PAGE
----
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Apple E-books Appeal on Price Fixing Ruling Declined by Supreme Court

Image: Apple E-books Appeal on Price Fixing Ruling Declined by Supreme Court
People make their way in and out of an Apple store on Fifth Avenue in New York on Feb. 23, 2016. (JEWEL SAMAD/AFP/Getty Images)

By    |   Monday, 07 Mar 2016 03:28 PM

The U.S. Supreme Court has declined to hear Apple’s appeal of a lower court ruling of e-book price fixing.

Apple will pay $450 million as a settlement in the antitrust case against it and five book publishers accused of conspiring to increase e-book prices, Reuters reported.

The New York-based 2nd U.S. Circuit Court of Appeals ruled in June 2015 that Apple violated federal antitrust laws. The company argued that the ruling contradicted Supreme Court precedent and would "chill innovation and risk-taking," Reuters said.

“Apple’s liability for knowingly conspiring with book publishers to raise the prices of e-books is settled once and for all,” said Assistant Attorney General Bill Baer of the Justice Department’s Antitrust Division said in a statement. “And consumers will be made whole. The outstanding work of the Department of Justice team – working with our steadfast state attorney general partners – exposed this cynical misconduct by Apple and its book publisher co-conspirators and ensured that justice was done.”

The publishers named in the lawsuit already have settled, paying a combined $166 million, NPR reported.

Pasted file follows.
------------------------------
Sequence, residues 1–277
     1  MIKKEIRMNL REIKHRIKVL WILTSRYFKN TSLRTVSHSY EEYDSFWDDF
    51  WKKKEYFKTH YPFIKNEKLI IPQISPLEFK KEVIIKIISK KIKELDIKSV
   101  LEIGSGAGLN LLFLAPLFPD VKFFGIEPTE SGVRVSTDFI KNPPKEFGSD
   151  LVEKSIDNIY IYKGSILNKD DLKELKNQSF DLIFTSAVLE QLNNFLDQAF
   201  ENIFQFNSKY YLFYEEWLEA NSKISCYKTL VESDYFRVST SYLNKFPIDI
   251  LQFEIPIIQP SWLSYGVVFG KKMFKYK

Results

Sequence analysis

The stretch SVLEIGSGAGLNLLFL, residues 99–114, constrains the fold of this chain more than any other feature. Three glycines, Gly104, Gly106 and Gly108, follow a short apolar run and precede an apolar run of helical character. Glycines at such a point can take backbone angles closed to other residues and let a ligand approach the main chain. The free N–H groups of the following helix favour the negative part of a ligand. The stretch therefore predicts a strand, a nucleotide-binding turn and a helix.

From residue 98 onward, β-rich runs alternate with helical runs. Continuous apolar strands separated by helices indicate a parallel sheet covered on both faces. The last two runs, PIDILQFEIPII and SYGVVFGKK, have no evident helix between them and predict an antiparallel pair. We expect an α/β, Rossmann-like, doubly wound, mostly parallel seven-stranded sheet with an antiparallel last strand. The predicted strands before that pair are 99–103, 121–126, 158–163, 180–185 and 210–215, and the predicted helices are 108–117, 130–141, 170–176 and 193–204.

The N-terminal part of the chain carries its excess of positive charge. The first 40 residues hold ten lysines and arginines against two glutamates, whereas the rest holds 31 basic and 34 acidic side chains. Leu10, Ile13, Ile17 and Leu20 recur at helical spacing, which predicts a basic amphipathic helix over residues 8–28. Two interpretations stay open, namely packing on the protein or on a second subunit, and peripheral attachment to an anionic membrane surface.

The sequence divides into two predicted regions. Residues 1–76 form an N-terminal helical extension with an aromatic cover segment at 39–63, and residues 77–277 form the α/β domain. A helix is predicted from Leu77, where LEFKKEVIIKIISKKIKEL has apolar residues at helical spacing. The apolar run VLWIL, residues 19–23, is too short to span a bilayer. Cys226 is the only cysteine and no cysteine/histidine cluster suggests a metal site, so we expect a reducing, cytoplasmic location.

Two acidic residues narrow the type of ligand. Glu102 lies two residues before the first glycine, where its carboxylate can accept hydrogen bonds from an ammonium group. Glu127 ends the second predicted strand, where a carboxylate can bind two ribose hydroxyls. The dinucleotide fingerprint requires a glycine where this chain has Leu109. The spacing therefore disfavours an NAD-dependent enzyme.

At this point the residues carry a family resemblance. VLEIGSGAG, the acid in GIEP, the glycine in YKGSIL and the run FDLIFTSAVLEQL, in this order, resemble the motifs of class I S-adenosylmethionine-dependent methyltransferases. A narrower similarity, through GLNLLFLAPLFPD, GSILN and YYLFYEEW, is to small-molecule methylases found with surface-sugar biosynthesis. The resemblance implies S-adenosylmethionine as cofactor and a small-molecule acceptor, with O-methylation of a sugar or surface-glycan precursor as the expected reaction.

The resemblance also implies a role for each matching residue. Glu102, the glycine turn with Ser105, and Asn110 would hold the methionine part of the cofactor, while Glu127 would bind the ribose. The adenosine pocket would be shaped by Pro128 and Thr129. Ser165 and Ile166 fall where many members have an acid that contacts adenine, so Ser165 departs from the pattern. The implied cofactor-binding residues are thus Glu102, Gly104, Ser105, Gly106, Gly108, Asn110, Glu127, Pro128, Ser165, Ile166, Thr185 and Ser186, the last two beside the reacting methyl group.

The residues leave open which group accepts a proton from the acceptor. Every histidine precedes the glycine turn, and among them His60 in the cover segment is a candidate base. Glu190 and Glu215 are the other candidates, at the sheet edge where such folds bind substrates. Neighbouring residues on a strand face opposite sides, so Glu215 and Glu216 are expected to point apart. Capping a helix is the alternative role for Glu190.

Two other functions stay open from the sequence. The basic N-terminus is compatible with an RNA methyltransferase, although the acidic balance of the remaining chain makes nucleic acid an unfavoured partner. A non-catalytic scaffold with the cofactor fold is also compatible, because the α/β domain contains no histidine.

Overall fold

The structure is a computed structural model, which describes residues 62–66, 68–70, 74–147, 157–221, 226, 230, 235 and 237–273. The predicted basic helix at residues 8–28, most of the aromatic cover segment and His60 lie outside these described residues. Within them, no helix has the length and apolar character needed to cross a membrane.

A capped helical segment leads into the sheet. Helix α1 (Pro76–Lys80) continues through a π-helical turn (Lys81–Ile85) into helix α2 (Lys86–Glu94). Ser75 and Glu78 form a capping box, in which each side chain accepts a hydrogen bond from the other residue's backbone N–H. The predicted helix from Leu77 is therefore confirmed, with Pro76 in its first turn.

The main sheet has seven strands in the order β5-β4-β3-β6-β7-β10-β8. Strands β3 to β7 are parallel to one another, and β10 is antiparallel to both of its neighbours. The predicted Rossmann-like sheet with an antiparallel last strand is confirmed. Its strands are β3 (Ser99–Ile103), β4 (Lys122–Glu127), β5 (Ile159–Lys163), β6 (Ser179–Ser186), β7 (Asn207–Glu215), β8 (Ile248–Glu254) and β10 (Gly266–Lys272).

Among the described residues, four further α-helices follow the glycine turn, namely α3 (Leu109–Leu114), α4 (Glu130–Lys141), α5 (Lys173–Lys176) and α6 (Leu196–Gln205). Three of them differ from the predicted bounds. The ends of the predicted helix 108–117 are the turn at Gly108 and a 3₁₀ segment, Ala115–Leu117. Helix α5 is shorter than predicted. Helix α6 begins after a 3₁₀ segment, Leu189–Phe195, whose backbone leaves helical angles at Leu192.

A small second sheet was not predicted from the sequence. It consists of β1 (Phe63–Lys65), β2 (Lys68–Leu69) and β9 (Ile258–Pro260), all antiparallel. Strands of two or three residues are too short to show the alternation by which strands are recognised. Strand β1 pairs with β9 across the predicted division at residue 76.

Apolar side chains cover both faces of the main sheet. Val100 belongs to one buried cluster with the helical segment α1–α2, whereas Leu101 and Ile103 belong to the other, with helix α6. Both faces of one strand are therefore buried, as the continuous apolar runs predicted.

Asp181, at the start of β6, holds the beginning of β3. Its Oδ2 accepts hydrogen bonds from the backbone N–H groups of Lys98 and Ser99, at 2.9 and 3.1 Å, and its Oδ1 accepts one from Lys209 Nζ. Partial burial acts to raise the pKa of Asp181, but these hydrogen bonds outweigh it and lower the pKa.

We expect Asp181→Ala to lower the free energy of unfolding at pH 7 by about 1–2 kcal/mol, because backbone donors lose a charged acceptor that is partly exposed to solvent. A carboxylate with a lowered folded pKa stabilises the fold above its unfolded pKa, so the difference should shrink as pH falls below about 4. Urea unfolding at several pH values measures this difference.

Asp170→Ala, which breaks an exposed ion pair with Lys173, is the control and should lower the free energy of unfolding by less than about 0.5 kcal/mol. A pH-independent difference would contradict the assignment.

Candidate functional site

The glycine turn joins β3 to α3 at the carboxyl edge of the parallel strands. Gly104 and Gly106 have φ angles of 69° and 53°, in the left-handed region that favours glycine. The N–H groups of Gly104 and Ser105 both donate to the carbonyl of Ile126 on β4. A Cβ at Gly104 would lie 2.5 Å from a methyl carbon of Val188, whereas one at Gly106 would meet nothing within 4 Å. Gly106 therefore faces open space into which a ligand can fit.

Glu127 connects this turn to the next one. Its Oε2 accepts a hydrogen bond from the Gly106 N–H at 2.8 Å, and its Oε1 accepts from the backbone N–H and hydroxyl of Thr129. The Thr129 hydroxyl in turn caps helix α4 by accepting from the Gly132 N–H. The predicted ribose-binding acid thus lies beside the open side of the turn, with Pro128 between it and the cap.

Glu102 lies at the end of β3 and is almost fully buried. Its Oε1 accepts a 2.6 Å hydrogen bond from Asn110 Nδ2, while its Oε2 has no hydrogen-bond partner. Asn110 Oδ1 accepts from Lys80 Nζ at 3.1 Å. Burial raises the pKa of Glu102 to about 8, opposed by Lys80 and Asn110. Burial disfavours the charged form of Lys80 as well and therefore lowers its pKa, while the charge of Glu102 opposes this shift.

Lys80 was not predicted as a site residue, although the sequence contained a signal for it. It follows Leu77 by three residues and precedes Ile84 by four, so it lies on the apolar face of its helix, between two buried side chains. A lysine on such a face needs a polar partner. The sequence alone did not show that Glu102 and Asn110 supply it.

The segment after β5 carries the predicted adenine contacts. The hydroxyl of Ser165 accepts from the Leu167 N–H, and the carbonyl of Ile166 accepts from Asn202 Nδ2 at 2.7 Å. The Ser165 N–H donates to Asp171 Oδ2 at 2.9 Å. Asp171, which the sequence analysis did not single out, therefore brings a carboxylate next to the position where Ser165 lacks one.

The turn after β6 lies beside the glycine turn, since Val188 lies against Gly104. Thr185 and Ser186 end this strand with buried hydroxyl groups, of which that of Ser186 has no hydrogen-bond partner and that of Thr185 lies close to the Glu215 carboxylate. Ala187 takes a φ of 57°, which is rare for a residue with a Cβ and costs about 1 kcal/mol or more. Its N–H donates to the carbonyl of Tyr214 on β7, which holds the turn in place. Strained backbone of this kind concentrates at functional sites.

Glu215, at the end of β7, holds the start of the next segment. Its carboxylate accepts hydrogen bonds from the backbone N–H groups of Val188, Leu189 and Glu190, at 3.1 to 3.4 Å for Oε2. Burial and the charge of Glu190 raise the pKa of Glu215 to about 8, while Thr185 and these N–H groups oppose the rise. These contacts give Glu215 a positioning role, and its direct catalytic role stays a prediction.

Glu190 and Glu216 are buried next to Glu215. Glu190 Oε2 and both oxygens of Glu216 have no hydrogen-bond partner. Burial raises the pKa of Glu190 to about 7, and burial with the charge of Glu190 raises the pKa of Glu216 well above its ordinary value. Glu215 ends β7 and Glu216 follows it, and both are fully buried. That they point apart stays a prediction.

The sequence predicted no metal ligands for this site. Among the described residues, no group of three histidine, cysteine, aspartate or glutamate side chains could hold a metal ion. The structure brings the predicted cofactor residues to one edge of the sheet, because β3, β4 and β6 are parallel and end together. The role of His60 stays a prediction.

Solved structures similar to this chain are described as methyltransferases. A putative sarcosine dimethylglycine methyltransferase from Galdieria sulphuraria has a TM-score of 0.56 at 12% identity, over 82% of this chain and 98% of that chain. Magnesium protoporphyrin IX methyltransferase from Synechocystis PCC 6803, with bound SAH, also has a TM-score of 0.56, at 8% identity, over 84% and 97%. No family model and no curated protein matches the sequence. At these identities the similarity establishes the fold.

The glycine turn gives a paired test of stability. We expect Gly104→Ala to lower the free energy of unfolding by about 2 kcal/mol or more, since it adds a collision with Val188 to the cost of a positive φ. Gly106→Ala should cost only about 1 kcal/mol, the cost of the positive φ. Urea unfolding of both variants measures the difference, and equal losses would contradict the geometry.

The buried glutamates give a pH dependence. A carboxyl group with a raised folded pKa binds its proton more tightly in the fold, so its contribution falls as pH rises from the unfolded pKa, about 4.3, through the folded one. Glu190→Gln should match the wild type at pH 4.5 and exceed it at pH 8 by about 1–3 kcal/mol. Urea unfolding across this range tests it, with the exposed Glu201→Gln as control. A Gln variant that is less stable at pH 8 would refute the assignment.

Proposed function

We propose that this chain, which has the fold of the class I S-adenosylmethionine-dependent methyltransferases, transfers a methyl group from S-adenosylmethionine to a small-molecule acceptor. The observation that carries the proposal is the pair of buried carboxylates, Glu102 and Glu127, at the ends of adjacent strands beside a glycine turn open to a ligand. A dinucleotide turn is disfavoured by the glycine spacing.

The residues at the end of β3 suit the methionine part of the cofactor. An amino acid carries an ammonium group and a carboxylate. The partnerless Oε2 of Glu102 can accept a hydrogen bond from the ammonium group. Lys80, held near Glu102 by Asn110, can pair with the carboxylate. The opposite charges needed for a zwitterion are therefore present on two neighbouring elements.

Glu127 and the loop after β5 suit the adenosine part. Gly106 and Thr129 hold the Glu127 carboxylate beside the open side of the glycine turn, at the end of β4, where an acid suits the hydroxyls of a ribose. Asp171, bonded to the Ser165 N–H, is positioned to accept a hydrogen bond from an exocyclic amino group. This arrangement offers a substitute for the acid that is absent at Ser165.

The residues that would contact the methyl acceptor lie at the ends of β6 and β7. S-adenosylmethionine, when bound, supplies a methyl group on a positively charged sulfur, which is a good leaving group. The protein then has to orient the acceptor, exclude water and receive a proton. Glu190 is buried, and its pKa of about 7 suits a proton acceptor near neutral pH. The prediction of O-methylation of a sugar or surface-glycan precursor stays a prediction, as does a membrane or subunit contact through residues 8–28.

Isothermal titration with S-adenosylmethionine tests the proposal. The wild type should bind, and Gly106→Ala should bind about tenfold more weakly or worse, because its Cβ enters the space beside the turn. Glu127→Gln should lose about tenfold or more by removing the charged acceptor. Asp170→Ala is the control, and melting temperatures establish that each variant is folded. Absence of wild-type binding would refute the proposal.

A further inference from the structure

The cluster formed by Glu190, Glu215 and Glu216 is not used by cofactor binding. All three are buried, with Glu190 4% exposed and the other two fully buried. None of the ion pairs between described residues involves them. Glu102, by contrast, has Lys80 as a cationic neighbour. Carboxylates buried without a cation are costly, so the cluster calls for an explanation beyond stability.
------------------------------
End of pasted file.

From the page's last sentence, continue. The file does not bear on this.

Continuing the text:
E-book purchasers will receive reimbursements for the higher prices, which they can apply to future purchases.

Publishers involved in the case were Simon & Schuster, HarperCollins, Macmillan, Penguin, and Hachette, The Los Angeles Times reported.

Apple argued that its 2010 entry into the e-book market dominated by Amazon increased competition, benefiting authors, e-book publishers, and retail consumers, The New York Times reported.

“If a new firm’s entry disrupts a monopoly and creates long-term competition, that is to be lauded, whether the previous prices were artificially high or artificially low,” Apple’s brief said.

Twitter users shared thoughts about the decision.





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The U.S. Supreme Court has declined to hear Apple's appeal of a lower court ruling of e-book price fixing.
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2016-28-07
Monday, 07 Mar 2016 03:28 PM
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